Picture this: an underground carpark reverberating with the sounds of string quartet, solo didgeridoo, techno music and DJs in a wonderful collision of styles. Beneath Collingwood’s monster 20-storey public housing tower, this has now become a regular occurrence thanks to the initiative of local residents in 2012 to turn its former disused underground carpark to a variety of community uses including musical performances.
Play On is the concert series that takes place there. Typically what it does is pair up classical musicians with electronic artists in two halves of an evening concert. The feel is vibey and invigorating in the way it connects different styles of music and draws together a variety of audiences. Among the artists who perform there are the Clara Piano Quartet, Penny Quartet and Affinity Collective, William Barton, local techno guru Chiara Costanza (aka Chiara Kickdrum) and Melbourne DJs Tim Heaney and Chris NG.
As organiser of the series, the Collingwood Housing Estate Arts Committee, says its unconventional location and approach to programming has “upended and revitalised the concert experience” in Melbourne. And its success has led to a spread of similar concerts in other venues around inner Melbourne such as the Seafarers’ Norla Dome, Collingwood Arts Precinct and the Grainger Museum.
At Music Australia, we have looked elsewhere at how classical music has been performed in a range of different contexts and venues including supermarkets, cemeteries and other improvised public spaces. Going to where communities gather, rather than necessarily expecting people to attend traditional concert halls with music being performed in a traditional format, seems key to building new audiences.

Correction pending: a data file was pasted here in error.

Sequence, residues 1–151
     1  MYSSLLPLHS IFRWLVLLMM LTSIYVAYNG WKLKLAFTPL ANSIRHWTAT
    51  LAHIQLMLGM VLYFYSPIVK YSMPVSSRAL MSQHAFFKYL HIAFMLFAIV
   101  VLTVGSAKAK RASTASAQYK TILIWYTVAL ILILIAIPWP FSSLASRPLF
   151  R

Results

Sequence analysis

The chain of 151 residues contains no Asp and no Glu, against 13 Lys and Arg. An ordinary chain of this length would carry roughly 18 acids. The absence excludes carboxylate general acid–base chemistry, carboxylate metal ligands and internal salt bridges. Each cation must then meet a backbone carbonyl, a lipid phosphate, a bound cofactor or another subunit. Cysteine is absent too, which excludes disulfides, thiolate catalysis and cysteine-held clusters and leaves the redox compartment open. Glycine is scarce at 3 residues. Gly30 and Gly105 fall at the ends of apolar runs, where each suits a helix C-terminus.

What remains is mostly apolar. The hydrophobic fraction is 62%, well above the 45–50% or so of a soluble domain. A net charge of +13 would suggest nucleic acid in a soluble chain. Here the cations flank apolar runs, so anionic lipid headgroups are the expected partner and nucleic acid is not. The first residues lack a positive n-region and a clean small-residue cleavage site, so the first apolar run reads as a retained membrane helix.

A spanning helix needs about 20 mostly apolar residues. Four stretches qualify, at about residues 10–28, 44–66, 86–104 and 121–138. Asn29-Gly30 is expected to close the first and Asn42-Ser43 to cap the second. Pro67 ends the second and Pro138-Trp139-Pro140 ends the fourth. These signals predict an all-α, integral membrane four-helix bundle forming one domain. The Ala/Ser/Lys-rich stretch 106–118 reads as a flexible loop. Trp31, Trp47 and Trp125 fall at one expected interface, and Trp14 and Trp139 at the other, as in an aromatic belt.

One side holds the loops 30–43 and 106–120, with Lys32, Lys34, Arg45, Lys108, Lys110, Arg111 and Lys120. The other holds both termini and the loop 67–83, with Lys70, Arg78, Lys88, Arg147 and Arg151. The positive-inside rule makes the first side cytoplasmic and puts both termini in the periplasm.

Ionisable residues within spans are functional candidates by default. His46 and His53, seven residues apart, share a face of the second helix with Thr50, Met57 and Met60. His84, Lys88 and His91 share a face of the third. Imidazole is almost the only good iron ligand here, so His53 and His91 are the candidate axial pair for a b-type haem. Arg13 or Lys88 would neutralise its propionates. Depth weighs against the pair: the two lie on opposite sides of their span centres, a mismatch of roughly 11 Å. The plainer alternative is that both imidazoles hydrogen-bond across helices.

So a local carpark – suitably adorned with row seating and bar facilities, and minus any cars of course – seems a terrific answer. Collingwood Underground Theatre, as it calls itself, feels a delightfully accidental place where a neighbourhood can come together and enjoy music in an unthreatening, friendly atmosphere. Its acoustic is described as “quite magical”. Roller disco, hop-hop, theatre shows and a range of other community events also take place within. It even has its own artist-in-residence program.
Naturally, not all carparks are going to be up to the task as concert venues. However, Collingwood Underground Theatre serves as a great example for local communities anywhere to be on the lookout for ‘accidental’ places to stage live music.
Coming up in March, Play On presents violinist Kyla Matsuura-Miller, Guzheng player Mindy Meng Wang, and classical percussionist Thea Rossen with the Ad Lib Collective and Sleep D. Look out for these and further upcoming events here.